Partner Spotlight: Communicate With Your Audience With Successful Retention Strategies With Jason Donapel From The Email Experience


Hey, thanks for tuning in to another Partner Interview at EcomBalance. At EcomBalance, we’re all about creating win-win partnerships where we are able to grow with other companies in the ecommerce space.

In this exclusive interview, we have a conversation with Jason Donapel from The Email Experience.

Jason Donapel, a Philadelphia native and avid Eagles fan, currently serves as the Co-Founder and COO of The Email Experience (EX), a successful retention marketing agency.

With over a decade of experience in the e-commerce industry, Jason’s journey began at HeartRateMonitorsUSA.comStarting as a picker/packer in the warehouse, his determination and expertise led him to become the head of marketing for the organization, which operated multiple Shopify Plus stores.

Hungry for new challenges, Jason ventured into freelancing and founded his own marketing business. His expertise and dedication soon led him to join, a startup e-commerce company. Jason’s entrepreneurial spirit continued to soar as he co-founded The Email Experience with Dave Miz. 

Today, EX boasts a thriving team of over 40 full-time members & has generated over $100 million in Email & SMS revenue for its clients.

Jason is deeply passionate about team building and retention marketing, and is constantly seeking personal growth and development opportunities. His dedication to excellence and innovation continues to drive the success of The Email Experience and its team members.

Connor: Hey Jason, thanks for taking the time to chat with us today. As a company, one of our goals is to highlight our partners so that our clients can benefit where it makes most sense. To get started, can you give us a high-level introduction to The Email Experience and a little bit about how the company got started?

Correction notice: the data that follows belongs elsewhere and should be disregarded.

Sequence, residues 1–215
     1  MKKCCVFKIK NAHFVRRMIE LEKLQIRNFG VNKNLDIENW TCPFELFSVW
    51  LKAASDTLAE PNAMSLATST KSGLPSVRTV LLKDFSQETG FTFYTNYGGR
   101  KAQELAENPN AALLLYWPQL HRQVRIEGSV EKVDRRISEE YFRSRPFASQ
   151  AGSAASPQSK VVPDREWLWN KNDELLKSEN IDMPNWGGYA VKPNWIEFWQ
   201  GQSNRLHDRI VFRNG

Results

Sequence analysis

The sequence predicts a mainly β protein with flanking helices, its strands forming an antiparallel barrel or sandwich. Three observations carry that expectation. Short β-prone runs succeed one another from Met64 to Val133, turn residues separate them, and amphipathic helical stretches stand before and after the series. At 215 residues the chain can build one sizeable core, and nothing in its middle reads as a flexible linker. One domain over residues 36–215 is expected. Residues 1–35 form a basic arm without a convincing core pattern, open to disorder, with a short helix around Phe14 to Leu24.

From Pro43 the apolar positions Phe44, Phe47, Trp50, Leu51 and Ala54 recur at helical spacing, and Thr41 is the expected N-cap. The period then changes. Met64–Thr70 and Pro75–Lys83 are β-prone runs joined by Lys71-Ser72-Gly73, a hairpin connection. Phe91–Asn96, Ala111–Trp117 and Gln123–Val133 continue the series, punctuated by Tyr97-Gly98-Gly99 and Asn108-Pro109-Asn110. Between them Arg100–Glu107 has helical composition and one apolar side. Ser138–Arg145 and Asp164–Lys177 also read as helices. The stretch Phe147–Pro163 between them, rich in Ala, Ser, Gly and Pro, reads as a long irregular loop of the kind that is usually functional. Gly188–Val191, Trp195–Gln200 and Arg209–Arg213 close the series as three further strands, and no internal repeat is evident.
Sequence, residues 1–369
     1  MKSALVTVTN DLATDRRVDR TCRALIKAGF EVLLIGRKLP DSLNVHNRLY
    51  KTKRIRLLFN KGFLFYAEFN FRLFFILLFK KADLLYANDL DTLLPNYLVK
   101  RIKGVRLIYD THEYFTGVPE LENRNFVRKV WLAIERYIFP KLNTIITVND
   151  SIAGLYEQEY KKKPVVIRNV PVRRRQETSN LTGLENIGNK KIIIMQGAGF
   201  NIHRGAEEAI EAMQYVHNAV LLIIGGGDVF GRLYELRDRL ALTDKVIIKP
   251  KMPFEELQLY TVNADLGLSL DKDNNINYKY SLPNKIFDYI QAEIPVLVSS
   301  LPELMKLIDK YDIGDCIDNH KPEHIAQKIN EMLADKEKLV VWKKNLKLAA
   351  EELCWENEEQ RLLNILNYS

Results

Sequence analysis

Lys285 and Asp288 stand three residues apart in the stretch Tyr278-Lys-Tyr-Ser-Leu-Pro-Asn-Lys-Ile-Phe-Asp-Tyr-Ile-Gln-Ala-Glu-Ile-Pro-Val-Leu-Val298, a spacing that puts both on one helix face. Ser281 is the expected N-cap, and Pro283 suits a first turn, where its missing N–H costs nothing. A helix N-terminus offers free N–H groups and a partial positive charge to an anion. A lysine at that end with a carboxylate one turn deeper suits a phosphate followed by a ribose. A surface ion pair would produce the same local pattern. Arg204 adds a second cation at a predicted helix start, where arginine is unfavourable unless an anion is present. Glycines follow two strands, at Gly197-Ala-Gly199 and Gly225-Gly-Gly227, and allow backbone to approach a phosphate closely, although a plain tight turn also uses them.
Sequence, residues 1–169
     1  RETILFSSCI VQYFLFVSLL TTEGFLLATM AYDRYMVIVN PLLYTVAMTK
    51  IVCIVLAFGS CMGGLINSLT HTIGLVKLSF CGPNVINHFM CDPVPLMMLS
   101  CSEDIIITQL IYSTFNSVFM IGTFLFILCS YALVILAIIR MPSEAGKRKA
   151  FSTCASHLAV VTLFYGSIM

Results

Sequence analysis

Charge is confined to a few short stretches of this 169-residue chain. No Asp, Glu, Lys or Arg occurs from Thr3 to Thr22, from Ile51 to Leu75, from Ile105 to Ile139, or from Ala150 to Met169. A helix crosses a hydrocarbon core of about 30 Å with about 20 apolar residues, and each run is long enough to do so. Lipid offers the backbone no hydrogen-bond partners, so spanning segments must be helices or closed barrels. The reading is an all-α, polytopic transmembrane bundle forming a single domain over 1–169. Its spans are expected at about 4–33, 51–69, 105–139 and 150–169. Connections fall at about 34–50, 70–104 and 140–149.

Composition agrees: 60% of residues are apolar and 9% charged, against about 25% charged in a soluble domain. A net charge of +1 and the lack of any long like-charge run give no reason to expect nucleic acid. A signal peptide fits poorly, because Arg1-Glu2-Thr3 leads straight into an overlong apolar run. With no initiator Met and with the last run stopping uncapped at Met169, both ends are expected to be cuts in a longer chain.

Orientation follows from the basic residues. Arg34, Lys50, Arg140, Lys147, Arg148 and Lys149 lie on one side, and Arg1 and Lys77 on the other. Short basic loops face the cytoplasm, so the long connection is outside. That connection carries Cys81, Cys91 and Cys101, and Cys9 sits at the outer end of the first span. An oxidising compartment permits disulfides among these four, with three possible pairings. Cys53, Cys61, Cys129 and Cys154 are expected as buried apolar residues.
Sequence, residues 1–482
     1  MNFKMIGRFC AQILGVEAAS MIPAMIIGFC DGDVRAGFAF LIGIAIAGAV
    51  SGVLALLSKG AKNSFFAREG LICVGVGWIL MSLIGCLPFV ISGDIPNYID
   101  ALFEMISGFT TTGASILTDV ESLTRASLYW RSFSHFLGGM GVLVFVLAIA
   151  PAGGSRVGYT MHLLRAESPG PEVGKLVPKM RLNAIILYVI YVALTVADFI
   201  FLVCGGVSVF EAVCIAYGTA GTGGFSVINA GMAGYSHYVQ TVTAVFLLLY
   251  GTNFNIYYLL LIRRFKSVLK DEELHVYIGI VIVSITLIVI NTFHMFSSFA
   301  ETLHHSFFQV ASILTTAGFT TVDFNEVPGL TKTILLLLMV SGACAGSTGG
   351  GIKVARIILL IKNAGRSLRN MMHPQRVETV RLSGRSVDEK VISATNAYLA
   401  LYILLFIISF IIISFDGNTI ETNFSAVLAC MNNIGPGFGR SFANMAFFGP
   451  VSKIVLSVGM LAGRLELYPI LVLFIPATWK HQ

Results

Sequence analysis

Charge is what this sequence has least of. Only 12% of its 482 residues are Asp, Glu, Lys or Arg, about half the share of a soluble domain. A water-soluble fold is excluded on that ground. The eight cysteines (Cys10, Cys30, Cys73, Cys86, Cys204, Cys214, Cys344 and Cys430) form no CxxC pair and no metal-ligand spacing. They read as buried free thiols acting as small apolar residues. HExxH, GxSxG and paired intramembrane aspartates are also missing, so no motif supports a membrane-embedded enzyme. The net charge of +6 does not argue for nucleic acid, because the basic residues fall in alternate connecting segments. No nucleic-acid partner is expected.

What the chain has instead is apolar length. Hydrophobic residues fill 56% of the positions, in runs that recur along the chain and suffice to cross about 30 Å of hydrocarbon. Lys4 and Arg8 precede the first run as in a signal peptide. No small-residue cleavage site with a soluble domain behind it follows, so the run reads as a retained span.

Email marketing
SMS marketing
Physical mailer marketing
And a done-with-you service for brands just looking for expertise

Connor: Jumping off of that…when you’re thinking about your ideal customer, who is that? Where are they selling online? Where are they located in the world? How much sales do they typically have in a year? If there’s any other qualities, please include them as well. We’re all about making introductions where it benefits both parties.

Jason: Our ideal customer would be on one of the big ecom platforms (Shopify of course is the big one, but Magento, Bigcommerce, etc) – Klaviyo (or ready to switch to Klaviyo) & Attentive for SMS.

Our most successful partners are at a place where their store generates at least 100K/month in revenue, but we’ve also worked with brands below this mark when we really love their vision.

That’s it! Besides those factors, we are really open to creating custom retention solutions for all sorts of D2C ecommerce brands.

Connor: For our audience to truly understand what makes you stand out from other companies providing marketing services, can you share a story of how The Email Experience truly helped one of its customers?

Jason: You know, I could throw in a bunch of case studies here and show off flashy numbers, we of course have piles of these ready for whenever a sales pitch is needed – but for me the whole reason I wanted to start EX was to give smaller brands with limited resources the tools they need to compete with the big players in their vertical.

The most satisfying part of the job is that “ah-ha” moment when a store owners realizes that we can build robust experiences for their customers that would rival the experiences created by competitors with massive budgets.

One brand in particular comes to mind. When we started together, there really wasn’t any revenue or traffic to speak of.

They were pulling in roughly $10 – $15K per month on Shopify, and only about 7% of that was coming from retention. We loved the brand, and the owner… she just had this vibe about her where you knew she was about to hustle like crazy to get this brand off the ground.

We jumped right in a built a full retention strategy from scratch. Email + SMS. We created clear campaign goals, segmentation, and calendars to back them up.